Organizations are regularly faced with decisions that can significantly affect their operations. These decisions can be informed by data, models, preferences, and optimization methods to help organizations make decisions that better meet their needs.
- Should a utility company spend money now to replace aging pumping equipment and thereby save maintenance costs and service interruptions later, or wait for the equipment to fail and pay the associated costs at that time? How much will the future costs be?
- Should an insurance company settle a lawsuit against a manufacturer they insure for faulty products, or pay the costs to sample and investigate those products and thereby have a better chance of settling for a lower price?
- Should a fire department have a constant staffing level to be equally ready for calls no matter where or when they might come in, or should they alter their staffing by location and time of day and day of the year to better match the real-world frequencies of their actual calls?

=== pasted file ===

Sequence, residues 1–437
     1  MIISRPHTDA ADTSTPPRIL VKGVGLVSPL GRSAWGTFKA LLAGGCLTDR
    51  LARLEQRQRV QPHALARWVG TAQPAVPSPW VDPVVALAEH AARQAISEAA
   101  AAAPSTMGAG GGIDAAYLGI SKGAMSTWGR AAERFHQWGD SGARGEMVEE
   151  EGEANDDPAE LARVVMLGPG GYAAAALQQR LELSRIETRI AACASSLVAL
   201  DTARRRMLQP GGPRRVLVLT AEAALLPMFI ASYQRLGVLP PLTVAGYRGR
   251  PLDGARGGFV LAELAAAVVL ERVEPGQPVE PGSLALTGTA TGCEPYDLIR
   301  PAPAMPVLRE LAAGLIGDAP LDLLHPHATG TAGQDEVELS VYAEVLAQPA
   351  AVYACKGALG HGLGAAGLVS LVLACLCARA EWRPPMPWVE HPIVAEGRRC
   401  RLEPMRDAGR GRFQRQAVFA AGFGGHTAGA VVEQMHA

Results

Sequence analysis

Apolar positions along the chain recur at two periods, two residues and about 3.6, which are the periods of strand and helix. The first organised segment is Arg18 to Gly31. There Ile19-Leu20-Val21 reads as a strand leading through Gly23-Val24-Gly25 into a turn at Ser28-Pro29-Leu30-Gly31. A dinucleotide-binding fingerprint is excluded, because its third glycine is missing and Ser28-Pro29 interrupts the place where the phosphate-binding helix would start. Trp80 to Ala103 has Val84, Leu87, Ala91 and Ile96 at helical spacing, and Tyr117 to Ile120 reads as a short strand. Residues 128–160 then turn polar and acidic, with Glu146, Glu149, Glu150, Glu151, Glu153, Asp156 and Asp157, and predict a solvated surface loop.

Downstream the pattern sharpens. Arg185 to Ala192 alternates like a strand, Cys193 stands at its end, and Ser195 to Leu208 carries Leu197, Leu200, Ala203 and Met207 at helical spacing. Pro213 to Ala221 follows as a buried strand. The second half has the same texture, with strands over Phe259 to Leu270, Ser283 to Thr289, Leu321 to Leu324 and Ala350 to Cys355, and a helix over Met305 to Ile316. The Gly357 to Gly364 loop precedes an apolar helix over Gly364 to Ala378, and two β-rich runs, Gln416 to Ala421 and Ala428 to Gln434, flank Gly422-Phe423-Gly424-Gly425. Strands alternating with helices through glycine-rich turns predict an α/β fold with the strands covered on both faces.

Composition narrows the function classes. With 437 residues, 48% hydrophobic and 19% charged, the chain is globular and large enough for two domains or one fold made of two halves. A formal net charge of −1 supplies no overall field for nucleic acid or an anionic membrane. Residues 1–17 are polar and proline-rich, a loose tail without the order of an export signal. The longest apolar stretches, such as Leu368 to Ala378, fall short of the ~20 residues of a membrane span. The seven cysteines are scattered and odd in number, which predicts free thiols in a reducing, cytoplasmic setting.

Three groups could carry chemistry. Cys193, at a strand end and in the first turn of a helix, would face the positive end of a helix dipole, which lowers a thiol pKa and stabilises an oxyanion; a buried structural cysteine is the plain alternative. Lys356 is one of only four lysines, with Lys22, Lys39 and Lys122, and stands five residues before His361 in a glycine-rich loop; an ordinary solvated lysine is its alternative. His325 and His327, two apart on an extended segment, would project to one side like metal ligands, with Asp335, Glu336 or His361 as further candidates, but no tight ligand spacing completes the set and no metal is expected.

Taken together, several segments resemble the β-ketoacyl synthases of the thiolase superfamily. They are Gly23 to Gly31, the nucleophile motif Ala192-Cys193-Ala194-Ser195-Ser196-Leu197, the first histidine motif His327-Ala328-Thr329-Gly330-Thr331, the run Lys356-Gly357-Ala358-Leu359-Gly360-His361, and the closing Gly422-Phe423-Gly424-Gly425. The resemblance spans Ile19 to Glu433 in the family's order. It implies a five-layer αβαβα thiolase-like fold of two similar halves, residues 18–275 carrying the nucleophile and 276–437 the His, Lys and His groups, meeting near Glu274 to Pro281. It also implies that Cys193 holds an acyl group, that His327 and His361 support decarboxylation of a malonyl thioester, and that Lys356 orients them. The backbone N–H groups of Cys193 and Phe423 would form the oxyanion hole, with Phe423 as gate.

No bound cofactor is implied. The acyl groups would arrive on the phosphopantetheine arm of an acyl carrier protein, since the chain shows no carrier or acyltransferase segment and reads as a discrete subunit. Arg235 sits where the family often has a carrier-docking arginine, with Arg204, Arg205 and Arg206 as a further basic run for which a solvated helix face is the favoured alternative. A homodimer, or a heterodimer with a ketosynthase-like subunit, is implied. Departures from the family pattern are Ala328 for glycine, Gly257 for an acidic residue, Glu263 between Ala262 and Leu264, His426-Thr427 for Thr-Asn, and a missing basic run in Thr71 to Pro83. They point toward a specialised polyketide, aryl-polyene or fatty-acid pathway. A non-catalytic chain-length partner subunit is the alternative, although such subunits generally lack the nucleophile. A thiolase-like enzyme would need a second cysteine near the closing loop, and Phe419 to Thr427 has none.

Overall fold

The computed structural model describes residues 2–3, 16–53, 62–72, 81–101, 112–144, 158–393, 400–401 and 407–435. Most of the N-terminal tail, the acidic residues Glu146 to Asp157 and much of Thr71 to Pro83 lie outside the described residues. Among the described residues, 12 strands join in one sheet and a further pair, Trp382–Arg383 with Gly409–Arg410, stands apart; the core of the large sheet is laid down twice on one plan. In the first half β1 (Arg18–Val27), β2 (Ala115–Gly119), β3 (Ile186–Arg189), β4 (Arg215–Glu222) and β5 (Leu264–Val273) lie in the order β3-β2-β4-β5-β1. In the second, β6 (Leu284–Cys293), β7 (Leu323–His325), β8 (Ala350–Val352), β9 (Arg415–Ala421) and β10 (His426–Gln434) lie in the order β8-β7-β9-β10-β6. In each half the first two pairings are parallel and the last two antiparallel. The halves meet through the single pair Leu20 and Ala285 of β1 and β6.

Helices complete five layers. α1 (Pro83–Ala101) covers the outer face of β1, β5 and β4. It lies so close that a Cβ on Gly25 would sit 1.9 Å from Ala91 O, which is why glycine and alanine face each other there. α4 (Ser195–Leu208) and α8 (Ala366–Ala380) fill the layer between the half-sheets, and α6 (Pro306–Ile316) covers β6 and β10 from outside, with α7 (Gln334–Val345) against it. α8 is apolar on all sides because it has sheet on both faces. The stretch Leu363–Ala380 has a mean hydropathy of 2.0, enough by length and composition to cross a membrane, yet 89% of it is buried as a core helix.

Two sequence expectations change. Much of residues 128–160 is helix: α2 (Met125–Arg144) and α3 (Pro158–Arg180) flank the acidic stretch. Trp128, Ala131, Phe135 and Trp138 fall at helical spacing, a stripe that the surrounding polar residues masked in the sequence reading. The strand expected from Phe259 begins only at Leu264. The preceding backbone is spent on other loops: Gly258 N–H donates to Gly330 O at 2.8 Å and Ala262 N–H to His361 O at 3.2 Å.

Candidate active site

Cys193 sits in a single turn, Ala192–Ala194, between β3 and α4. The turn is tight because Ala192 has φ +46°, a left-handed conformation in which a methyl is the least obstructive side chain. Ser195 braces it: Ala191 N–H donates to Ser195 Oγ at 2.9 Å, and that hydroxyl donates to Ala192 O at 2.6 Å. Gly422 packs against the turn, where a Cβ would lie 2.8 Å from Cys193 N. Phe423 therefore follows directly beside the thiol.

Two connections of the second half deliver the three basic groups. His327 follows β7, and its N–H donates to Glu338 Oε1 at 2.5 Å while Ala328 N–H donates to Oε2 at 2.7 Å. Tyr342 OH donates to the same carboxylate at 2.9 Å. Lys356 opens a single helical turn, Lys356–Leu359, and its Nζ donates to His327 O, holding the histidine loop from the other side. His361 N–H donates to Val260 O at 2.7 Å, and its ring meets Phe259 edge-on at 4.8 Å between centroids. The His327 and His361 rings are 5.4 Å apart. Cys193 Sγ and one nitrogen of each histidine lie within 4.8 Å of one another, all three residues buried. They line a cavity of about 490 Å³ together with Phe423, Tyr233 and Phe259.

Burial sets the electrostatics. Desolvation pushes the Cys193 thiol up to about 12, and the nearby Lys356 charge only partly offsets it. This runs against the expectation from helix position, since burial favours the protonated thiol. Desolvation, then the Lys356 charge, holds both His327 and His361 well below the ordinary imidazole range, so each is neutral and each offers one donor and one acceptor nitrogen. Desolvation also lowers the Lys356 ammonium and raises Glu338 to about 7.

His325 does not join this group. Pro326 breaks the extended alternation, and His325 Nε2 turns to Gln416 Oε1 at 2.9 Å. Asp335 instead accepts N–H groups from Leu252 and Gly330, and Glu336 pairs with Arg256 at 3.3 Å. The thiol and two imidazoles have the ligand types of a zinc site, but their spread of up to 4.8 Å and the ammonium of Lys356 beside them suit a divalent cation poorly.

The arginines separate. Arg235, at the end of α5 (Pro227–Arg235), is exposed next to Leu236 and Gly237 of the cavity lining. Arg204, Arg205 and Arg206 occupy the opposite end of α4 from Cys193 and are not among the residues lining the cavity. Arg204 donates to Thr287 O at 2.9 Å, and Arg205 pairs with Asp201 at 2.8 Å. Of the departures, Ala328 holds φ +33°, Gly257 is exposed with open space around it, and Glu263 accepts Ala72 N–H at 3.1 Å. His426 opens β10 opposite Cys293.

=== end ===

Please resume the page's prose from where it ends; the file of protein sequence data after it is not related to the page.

- Should a city government invest in a new building climate monitoring and control system to improve the energy efficiency of government buildings, or will the savings be outweighed by increased complexity, staffing, and maintenance requirements?
These are just an example of the kinds of decisions that can be informed by collecting and analyzing existing data, building models of the processes that affect the decision, and using those models to produce high quality predictions of the outcomes, including uncertainty.